I came across this WordPress post from one of the ‘Happiness Engineers’, who explain lots of questions bloggers have about the new Gutenberg editor. I highly recommend bloggers on the new editor to check it out, and those (like me) who stubbornly remain with the old editor, to bookmark this for the day we are forced to using it. Be sure to read comments there too, as they are just as educational.
Welcome back to a new year of my Sunday Book Reviews. In this first review of the year I’m featuring my review for Harmony Kent’s – Polish Your Prose. This book is an invaluable guide book for every writer’s desktop to have nearby for both refreshing the seasoned writer and a must have for every new writer.
Polish Your Prose is a powerful new guide that gives essential editing tips for authors.
Lots of books have been written on the art of writing, and here—at last—is a guide that will teach you the essential techniques of editing your own book. This will help you turn a promising manuscript into a published novel. And, it does this without the jargon. You don’t need to know all the grammatical terms in order to make use of this book. You don’t need to know the definition of a split infinitive, a comma splice, or a ‘to be’ verb, as this manual explains these in detail in easy to understand terms, and a lively and engaging style.
Chapters on Passive Writing, Tense, Point of View, Dialogue, and other techniques take you through the same processes an editor would go through to polish and perfect your manuscript.
Good writing is nothing without good editing. Learn the secrets of good editing and writing with this essential author reference, which offers so much more for so much less.
Harmony Kent is an award winning author, and accomplished editor and proofreader. Her passion is helping Indie Authors to successfully achieve their goals and dreams.
New Apple Book Awards Top Medalist Winner 2015
“This book is a mine of useful information. It’s concise and easy to understand. You don’t have to wade through pages upon pages of chatter; Harmony Kent gets straight to the point. ” — Michelle Abbott, Romance Author
“If the complexities of grammar and punctuation sometimes confound you – this gem of a book is for you. This is a guide I’ll be dipping into over and over.”–Wendy Scott, Fantasy Author
My 5 Star Review:
A concise writer’s guide written in simplicity with easy to refer to chapters, no filler babble in these bite-sized chapters to help hone your editing skills. This book succinctly covers chapters on all bibs and bobs of writing a clean and concise manuscript. However, this is not a book about how to write a book, but rather, a complete checklist on the dos and don’ts of writing clean, complete with easy to understand lessons with examples covering all the topics that make for better writing.
In this book Kent covers such topics as: show don’t tell, how to avoid head-hopping, weeding out adverbs and cliches, importance of staying in tense, use of contractions, dialogue tags, overuse of starting sentences with same pronouns, common stylistic and grammar issues, and more! Kent also adds good tips for proofreading, what to include when writing book reviews – and what not to, how to handle bad reviews, and once learning the rules – how they can be broken.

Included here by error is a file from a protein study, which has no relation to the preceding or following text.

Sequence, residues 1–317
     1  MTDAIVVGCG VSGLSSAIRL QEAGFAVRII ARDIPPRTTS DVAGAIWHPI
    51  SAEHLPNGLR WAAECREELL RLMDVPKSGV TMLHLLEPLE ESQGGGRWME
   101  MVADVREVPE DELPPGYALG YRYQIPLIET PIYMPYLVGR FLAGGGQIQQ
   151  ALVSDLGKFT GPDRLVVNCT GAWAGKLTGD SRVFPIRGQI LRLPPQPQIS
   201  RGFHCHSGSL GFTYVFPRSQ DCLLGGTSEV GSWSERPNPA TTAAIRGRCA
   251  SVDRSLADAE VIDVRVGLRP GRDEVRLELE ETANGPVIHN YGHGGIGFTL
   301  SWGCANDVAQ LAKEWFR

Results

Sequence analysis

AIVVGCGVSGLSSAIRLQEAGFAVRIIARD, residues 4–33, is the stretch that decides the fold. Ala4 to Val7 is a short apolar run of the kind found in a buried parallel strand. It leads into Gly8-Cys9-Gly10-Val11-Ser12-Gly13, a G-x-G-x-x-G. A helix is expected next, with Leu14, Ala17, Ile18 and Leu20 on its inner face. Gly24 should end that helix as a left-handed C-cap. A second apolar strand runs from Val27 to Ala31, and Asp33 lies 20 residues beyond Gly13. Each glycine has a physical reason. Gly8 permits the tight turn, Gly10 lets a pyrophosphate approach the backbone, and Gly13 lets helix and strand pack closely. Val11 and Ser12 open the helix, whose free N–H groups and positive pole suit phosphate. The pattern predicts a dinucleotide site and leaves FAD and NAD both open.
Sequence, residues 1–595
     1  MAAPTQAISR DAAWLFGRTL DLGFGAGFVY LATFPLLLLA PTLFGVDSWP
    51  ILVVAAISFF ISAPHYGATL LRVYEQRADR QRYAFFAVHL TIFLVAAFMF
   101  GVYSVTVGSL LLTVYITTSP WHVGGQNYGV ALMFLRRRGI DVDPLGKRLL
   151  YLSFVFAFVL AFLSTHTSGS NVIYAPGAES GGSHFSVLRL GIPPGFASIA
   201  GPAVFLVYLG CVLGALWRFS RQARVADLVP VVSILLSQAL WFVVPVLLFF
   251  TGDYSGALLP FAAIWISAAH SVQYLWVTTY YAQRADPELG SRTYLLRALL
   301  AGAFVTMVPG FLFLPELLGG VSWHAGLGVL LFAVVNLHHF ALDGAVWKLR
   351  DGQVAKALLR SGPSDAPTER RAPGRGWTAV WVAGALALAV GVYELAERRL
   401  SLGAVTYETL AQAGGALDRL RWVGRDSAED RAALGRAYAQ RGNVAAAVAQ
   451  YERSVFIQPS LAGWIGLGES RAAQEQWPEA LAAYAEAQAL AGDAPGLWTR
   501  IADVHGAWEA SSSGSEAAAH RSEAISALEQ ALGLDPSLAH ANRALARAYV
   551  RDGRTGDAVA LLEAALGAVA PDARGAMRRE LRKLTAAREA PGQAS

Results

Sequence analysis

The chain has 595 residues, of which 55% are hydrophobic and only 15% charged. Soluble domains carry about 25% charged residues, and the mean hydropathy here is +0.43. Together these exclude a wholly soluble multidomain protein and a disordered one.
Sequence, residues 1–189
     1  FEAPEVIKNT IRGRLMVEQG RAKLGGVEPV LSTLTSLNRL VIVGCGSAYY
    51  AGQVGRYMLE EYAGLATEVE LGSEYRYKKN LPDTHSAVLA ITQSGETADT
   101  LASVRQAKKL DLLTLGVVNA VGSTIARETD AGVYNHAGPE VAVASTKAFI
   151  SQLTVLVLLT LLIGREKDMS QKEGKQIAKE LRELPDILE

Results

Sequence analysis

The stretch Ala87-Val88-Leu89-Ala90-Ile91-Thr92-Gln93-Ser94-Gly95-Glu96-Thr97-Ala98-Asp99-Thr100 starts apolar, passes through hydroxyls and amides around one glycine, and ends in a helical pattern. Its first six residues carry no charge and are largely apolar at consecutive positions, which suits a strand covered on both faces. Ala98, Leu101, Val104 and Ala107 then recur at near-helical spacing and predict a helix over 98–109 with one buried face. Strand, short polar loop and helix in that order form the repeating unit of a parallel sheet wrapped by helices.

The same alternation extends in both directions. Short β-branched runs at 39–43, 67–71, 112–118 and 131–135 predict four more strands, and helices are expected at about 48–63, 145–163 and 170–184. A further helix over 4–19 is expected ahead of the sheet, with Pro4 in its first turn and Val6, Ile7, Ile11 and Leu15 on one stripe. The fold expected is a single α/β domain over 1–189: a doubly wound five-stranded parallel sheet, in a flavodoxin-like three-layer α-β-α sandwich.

Polish Your Prose also includes added bonus charts on common word replacements from British to American English, and a list of commonly used words that are used incorrectly. Point of view use is also discussed and demonstrated with concise examples.
This book is a handy guide for writers on all levels. For the seasoned writer, it’s a wonderful refresher guide for those moments we are stumped while revising and editing. And for new writers, it’s a must have on every desktop.
I’m reblogging a sweet deal Stevie Turner is offering at her blog. Send her your manuscript for grammar and typo edits and buy one of her books and review! Check it out!
My New Service for Authors
One thing I’ve always had to be mindful of in my many years as a medical secretary is good spelling and grammar, as doctors read the letters I’ve typed and they can be quite scathing if letters are not up to standard.
Therefore using these talents, I’ve had an idea that might help me promote my books. Goodness knows we authors try so many ways to market our novels, and this is a new one. It might work or it might not. I’ll let you know in 6 months’ time…
If you’d like to post your (anything up to) 50,000 word manuscript to me, then I’ll check it for spelling and grammar. I won’t alter the story at all, so rest assured there. I prefer to mark a physical manuscript rather than work online, as my eyes do not fare too well if I stare at a screen for long periods of time. So … send me something you don’t mind me writing on with my red pen.
What about the price? Well, all I’ll charge is the price of one of my books and a review. You can buy an eBook, paperback or audio version of whichever of my books interest you. I’ll work on the plan that one review will equal up to 50,000 words of your manuscript. Books from 50,000 – 100,000 words will … continue reading at Stevie’s blog
Today I’m sharing my latest review for a wonderful book and handy reference guide I highly recommend for all writers and students – Grammar Girl’s Quick and Dirty Tips for Better Writing by Mignon Fogarty.